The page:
READ MORE: Stay on top of the latest cleaning industry trends

6. Open a small business bank account

Get a business bank account to keep business payments and cash flow separate from your rent and groceries. It’ll also make you look more legitimate to clients and simplify your taxes.

Here’s what you need to set up a business checking account:

  • The business’s name and address
  • Your legal name, birth date, and address
  • Your business’s EIN (or your SSN/SIN)
  • Valid government-issued personal ID

While you’re at it, get a business credit card to access startup funding and build a credit history. Choose a card with a low interest rate that offers rewards for every dollar you spend.

You can also get extra funding for your commercial cleaning company through a personal or business loan, government funding, business financing, or a small business grant.

It’s a good idea to get an accountant and invest in accounting software like QuickBooks Online. Track income and expenses so you can file taxes with the Internal Revenue Service (U.S.), Canada Revenue Agency (CA), Companies House (UK), or Australian Taxation Office (AU).

READ MORE: 30 small business tax deductions to save money when filing

7. Decide which cleaning services to offer

Determine the types of cleaning services you’ll provide to commercial clients, along with pricing for each. You can offer commercial and industrial cleaning services like:

  • General commercial and office cleaning
  • Janitorial service
  • One-time cleaning service
  • Weekly cleaning service
  • Monthly cleaning service
  • Floor cleaning
  • Floor waxing and restoration
  • Trash removal
  • High dusting (vents, ceilings)
  • Deep cleaning
  • Carpet cleaning services
  • Window cleaning
  • Sanitizing and disinfecting
  • Event cleanup
  • Construction cleanup
  • Flood or fire cleanup
  • Power washing
  • Hazardous waste disposal

Pro Tip: Check out local commercial cleaners online to find any service gaps. For example, if competitors don’t do ceiling cleaning, offering that service will make you stand out.

How much to charge for commercial cleaning services

There are a few ways to price commercial cleaning jobs:

  • Square footage rate is one of the most common types of cleaning rates. The average rate in the U.S. is $0.07–0.12 per square foot. That rate adds up fast in large spaces.
  • Hourly rate includes your labor cost per hour, plus overhead. You can charge $25–100 per worker per hour to cover costs and turn a profit. Hourly rates are best for lengthy tasks, or if you don’t know how long a job will take.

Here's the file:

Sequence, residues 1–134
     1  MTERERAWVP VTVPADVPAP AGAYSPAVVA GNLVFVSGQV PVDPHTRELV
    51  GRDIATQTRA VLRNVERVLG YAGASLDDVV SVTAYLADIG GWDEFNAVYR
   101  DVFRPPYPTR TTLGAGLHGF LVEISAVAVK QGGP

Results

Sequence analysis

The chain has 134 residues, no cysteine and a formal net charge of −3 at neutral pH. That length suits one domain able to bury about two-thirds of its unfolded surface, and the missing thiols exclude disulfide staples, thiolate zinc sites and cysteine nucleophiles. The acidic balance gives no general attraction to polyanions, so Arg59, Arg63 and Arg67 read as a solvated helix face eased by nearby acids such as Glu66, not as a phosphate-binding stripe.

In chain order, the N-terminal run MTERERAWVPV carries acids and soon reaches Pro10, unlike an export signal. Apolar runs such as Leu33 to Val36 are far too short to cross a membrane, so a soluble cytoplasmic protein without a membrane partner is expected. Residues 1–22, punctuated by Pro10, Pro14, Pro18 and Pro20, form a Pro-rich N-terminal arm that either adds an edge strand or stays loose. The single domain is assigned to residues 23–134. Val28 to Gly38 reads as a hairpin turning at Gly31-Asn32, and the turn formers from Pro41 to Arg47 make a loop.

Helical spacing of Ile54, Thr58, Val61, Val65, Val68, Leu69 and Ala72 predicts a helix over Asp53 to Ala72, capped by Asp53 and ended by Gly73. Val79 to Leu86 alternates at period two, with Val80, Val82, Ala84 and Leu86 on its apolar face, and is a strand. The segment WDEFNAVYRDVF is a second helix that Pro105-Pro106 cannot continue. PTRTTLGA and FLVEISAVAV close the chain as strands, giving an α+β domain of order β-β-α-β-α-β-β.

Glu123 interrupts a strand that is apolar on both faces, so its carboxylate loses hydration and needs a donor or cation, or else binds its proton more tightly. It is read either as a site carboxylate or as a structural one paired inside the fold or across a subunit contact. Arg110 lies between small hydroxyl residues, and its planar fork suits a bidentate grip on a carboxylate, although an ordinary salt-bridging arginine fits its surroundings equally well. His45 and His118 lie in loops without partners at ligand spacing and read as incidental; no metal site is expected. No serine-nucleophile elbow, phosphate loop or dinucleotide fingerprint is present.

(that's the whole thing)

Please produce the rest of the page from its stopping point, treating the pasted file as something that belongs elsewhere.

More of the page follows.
• Flat rate pricing provides one predictable cleaning cost for the entire job—for example, $300 per cleaning. This rate works well when you know exactly how much time it’ll take to complete the job, since you’re rewarded for working faster.
  • Room rate calculates cleaning cost based on the number of rooms in the building—say, $75 per room. It works best in office buildings with multiple small rooms.

8. Get commercial cleaning business insurance

Entering a client’s business during off hours can be a high-risk operation. If you damage the client’s property or an employee is injured on the job, the cost will come out of your pocket.

Commercial cleaning insurance starts at $450/year. That’s the minimum for a business owner’s policy with:

  • General liability insurance in case of property damage or bodily harm
  • Commercial property insurance for damage to your equipment or place of business
  • Business income insurance to keep cash flowing after an incident or disaster

You can choose to add extra coverage to your small business insurance policy, including:

  • Commercial auto insurance if you drive a company car or truck
  • Workers’ compensation insurance in case an employee is injured on the job
  • Professional liability insurance for claims and lawsuits over professional mistakes
  • Employment practices liability insurance for employee-related claims
  • Crime insurance in case of criminal activity like theft or vandalism
  • Cyber liability insurance in case of a security breach or data leak
  • Key person insurance to keep the business going if you physically can’t work anymore
  • Commercial umbrella insurance for extra coverage on top of your other policies

Your business should also be bonded, which protects you if an employee steals or damages client property. Many clients prefer to work with bonded cleaning companies, so add that to your insurance coverage.

Shop around for the right insurance plan by checking out various insurance providers in your area.